Elaine Ecklund on Divine Action and Human Origins

As we await this conversation next week, I wanted to point out the latest contribution from Elaine Ecklund.

The way religious Americans approach science is shaped by two fundamental questions. First, what does science mean for the existence and activity of God? Second, what does science mean for the sacredness of humanity? How these questions – questions with profound moral implications – play out as individual believers think about science both challenge stereotypes and highlight the real tensions between religion and science. (p. 2)

The two fundamental questions, where the conflict lies, are divine action and human origins. Our work binds these two things together when we consider the de novo Adam, considering divine action in human origins. That is why this conversation on divine action, and our work here, is so important. It lies at the heart of the conflict. Progress towards peace in human origins, and on divine action, in relation to modern science, is of central importance.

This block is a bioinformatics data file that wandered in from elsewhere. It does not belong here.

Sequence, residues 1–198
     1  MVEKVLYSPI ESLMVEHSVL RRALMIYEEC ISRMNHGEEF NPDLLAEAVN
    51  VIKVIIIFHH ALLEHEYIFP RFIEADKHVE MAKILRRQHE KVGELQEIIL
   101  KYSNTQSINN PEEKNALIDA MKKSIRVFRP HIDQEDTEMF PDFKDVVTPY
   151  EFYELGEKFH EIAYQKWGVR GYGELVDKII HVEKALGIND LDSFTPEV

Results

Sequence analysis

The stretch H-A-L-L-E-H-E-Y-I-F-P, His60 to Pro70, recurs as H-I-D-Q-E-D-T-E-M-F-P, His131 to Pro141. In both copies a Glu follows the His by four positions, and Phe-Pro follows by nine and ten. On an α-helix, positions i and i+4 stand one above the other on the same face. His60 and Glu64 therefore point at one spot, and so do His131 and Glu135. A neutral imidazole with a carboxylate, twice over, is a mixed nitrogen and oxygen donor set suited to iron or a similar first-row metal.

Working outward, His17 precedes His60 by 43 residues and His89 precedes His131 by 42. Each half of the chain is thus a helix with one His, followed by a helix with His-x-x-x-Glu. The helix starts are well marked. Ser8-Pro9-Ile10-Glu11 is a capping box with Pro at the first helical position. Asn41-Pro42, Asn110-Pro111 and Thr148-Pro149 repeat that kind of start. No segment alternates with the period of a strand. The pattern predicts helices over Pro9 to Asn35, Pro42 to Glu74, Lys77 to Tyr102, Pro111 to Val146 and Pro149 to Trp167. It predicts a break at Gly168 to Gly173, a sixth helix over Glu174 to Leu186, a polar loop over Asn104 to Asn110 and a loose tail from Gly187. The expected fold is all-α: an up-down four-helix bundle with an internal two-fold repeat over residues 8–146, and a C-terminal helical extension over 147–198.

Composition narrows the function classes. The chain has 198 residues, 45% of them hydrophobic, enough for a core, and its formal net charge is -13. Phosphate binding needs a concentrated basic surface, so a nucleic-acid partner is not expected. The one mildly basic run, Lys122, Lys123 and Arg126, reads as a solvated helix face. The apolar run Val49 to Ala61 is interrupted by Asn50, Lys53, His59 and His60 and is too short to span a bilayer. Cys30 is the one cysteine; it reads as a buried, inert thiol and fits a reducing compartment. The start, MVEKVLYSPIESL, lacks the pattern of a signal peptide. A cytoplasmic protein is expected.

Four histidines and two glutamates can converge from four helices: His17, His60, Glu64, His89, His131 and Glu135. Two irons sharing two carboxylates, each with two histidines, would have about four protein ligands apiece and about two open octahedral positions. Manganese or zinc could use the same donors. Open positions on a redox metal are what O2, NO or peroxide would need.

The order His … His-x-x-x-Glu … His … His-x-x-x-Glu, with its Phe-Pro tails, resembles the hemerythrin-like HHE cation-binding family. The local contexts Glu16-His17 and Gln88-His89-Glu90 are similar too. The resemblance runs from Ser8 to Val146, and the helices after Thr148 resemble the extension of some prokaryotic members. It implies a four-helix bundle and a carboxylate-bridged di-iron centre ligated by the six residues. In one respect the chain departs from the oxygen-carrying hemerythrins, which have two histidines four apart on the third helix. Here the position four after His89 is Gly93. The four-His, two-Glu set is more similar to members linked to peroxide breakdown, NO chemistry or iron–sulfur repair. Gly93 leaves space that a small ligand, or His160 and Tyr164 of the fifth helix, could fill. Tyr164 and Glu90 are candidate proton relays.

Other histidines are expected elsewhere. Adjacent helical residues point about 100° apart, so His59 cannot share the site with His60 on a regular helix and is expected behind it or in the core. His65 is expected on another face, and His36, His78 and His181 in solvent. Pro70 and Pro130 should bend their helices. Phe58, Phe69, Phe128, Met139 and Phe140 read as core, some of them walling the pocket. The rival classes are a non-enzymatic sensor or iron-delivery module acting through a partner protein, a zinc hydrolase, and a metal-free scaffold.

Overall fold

I’m looking forward to the conversation with @rcohlers!

This article is from Scott McKnight. I wonder if he will make the connection here to why his book Adam and the Genome was not received well by most theologians, and ended up being so controversial.